HEALTH AND SAFETY

» Drug, Devices, and Supplements

» Physician Accountability

» Consumer Product Safety

» Worker Safety

» Health Care Delivery

» Auto and Truck Safety

» Global Access to Medicines

» Infant Formula Marketing

 

More Information on bromfenac (Duract)

More information on dexfenfluramine (Redux)

More information on mibefradil (Posicor)

More information on troglitazone (Rezulin)

Letter in JAMA Responding to Article on the Safety of Withdrawn Drugs

This letter, by Health Research Group Researcher Larry Sasich, Pharm. D., MPH and Deputy Director Peter Lurie, M.D., MPH, appeared in the Journal of the American Medical Association (JAMA) on December 2, 1999.

To the Editor: Dr Friedman and colleagues[1] downplayed serious safety questions about dexfenfluramine, mibefradil, and bromfenac sodium, which were approved in 1996-1997 and subsequently removed from the market, that were raised prior to marketing. Furthermore, Friedman et al failed to acknowledge that these drugs did not represent significant advances over the numerous approved drugs in their therapeutic categories.

For example, data from congestive heart failure trials presented at a Food and Drug Administration (FDA) Advisory Committee meeting on mibefradil suggested that more patients treated with mibefradil died than those taking placebo.[2] Several committee members voted against approval. The drug, the ninth calcium channel blocker approved in the United States, has since been removed from the market because of life-threatening arrhythmias from drug interactions.[3]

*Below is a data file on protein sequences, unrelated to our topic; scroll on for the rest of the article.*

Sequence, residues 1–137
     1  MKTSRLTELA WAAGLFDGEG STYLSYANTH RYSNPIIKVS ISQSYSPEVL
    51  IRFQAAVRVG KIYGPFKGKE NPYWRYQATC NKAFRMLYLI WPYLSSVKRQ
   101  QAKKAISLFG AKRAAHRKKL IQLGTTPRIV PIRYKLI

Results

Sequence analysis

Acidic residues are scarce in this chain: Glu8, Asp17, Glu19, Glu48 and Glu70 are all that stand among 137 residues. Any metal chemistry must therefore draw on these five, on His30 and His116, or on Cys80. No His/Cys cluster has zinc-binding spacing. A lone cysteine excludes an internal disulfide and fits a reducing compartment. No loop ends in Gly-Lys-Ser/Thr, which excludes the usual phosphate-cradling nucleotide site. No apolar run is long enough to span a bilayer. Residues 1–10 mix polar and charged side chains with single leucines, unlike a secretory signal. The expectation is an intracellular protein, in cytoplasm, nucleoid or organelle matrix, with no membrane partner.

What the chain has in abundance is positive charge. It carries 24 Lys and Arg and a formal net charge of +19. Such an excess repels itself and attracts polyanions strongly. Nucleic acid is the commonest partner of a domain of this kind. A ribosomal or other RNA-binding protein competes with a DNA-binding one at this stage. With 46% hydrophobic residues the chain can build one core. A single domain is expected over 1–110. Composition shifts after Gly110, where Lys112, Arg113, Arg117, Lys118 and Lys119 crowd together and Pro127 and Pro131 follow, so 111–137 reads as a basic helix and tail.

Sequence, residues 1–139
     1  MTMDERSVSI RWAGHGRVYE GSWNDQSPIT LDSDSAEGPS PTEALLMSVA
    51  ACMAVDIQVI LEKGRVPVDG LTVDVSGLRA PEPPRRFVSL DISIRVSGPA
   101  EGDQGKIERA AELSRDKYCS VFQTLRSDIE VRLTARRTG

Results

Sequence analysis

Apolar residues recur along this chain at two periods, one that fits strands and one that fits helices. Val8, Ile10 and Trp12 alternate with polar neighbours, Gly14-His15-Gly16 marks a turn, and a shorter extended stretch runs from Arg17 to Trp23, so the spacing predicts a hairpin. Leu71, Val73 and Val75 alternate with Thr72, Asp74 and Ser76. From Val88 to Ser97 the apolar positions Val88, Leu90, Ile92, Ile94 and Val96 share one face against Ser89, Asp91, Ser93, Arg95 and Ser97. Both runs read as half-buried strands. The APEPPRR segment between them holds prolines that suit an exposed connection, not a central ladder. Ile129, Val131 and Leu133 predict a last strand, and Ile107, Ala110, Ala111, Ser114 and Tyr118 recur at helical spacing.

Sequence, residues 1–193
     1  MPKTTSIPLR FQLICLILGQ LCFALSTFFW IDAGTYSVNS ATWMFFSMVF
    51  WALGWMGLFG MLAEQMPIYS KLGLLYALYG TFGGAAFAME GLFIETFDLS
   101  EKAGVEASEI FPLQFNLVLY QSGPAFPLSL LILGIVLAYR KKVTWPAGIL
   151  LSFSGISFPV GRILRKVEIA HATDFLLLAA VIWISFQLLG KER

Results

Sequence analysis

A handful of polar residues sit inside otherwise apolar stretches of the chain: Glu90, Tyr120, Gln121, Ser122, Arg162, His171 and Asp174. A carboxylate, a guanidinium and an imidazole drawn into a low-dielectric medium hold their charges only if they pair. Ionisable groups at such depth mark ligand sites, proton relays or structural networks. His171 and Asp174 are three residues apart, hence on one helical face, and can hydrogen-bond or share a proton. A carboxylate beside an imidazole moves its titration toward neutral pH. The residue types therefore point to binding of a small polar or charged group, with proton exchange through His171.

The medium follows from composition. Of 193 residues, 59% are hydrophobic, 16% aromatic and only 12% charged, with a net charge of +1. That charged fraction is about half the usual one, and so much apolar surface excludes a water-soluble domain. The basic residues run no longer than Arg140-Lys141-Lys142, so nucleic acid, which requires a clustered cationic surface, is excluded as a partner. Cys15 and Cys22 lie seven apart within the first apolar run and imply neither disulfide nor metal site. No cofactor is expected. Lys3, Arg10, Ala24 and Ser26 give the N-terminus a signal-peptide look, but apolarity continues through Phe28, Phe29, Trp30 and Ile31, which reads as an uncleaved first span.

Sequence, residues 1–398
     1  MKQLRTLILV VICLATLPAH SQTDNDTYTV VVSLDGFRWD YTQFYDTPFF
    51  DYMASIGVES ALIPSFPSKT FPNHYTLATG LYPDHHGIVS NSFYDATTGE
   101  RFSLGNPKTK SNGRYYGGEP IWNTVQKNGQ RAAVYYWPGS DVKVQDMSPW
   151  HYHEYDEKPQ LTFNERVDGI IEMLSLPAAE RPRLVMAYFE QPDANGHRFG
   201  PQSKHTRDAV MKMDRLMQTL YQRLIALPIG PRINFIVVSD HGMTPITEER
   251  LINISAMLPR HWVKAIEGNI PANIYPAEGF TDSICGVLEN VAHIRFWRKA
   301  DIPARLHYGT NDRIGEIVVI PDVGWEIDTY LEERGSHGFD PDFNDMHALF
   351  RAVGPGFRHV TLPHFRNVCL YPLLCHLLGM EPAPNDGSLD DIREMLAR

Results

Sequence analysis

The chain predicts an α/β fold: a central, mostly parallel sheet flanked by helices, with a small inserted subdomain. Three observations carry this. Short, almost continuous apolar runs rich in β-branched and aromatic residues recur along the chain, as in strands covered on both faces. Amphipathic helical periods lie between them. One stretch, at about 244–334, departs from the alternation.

The FDA medical officer reviewing bromfenac sodium, the 20th nonsteroidal anti-inflammatory drug (NSAID) approved in the United States, unsuccessfully advocated a black box warning label as a condition of approval because, "The review of the 'liver' laboratory data from the submission shows that bromfenac sodium causes hepatocellular damage to a greater degree than other NSAIDs"(R. M. Widmark, unpublished data; FDA medical officer review memo, bromfenac sodium, December 22, 1995). After at least 4 deaths and 8 liver transplants, bromfenac sodium was removed from the market.[4]

Unfortunately, this trend continues. The 10th fluoroquinolone antibiotic trovafloxacin was approved by the FDA in 1997, despite a premarketing clinical trial for prostatitis in which 10% of patients had liver function test results greater than 3 times the upper limit of normal (FDA medical officer review, December 1997). Since February 1998, 140 documented cases of serious hepatic events have been reported, including 9 patients who died or required liver transplants.[5]

Similarly, troglitazone, the 11th drug for diabetes in the United States, was approved even though 1.9% of patients in the premarketing trials, 54% of whom had taken the drug for at least 6 months, had liver function test results greater than 3 times the upper limit of normal, and 0.4% and 0.2% had 10-fold and 20-fold elevations, respectively.[6] Troglitazone has now been associated with a minimum of 43 cases of liver failure, including 28 deaths (D. J. Graham, L. Green Epidemiology of hepatotoxicity with troglitazone. Presented at: the Endocrinologic and Metabolic Drugs Advisory Committee; March 26, 1999; Washington, DC).